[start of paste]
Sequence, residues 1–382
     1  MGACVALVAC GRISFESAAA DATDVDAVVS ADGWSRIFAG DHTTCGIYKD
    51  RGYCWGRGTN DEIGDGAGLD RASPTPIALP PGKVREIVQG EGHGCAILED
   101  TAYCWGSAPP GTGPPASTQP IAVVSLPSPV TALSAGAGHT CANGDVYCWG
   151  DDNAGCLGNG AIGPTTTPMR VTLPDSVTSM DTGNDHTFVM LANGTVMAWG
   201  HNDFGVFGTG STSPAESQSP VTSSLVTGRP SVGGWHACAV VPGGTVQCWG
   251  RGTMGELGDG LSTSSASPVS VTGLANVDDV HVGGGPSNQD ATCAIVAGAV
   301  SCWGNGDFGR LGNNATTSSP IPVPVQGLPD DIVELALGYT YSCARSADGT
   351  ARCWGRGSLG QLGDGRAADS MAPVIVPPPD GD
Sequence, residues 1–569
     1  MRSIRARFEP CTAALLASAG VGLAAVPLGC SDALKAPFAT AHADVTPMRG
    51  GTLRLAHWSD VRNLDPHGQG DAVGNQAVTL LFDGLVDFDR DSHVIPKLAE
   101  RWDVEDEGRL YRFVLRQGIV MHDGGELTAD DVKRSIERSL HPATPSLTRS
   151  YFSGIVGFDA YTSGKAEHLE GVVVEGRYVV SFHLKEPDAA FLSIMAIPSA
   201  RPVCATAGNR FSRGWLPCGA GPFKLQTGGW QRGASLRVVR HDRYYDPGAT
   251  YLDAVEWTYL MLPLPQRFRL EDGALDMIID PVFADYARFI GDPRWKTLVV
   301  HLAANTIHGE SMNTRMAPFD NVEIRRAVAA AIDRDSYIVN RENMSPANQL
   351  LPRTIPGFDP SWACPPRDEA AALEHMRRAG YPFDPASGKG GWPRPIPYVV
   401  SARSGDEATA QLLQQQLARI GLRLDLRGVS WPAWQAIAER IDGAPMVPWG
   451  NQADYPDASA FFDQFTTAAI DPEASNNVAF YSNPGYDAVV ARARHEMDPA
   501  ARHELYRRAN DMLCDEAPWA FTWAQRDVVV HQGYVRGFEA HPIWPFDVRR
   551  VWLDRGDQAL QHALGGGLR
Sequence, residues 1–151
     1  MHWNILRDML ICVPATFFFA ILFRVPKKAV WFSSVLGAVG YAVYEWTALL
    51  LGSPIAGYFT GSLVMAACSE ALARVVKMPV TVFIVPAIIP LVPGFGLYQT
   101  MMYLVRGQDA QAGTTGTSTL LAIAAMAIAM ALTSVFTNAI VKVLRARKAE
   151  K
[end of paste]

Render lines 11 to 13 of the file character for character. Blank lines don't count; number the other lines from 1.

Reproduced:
     1  MRSIRARFEP CTAALLASAG VGLAAVPLGC SDALKAPFAT AHADVTPMRG
    51  GTLRLAHWSD VRNLDPHGQG DAVGNQAVTL LFDGLVDFDR DSHVIPKLAE
   101  RWDVEDEGRL YRFVLRQGIV MHDGGELTAD DVKRSIERSL HPATPSLTRS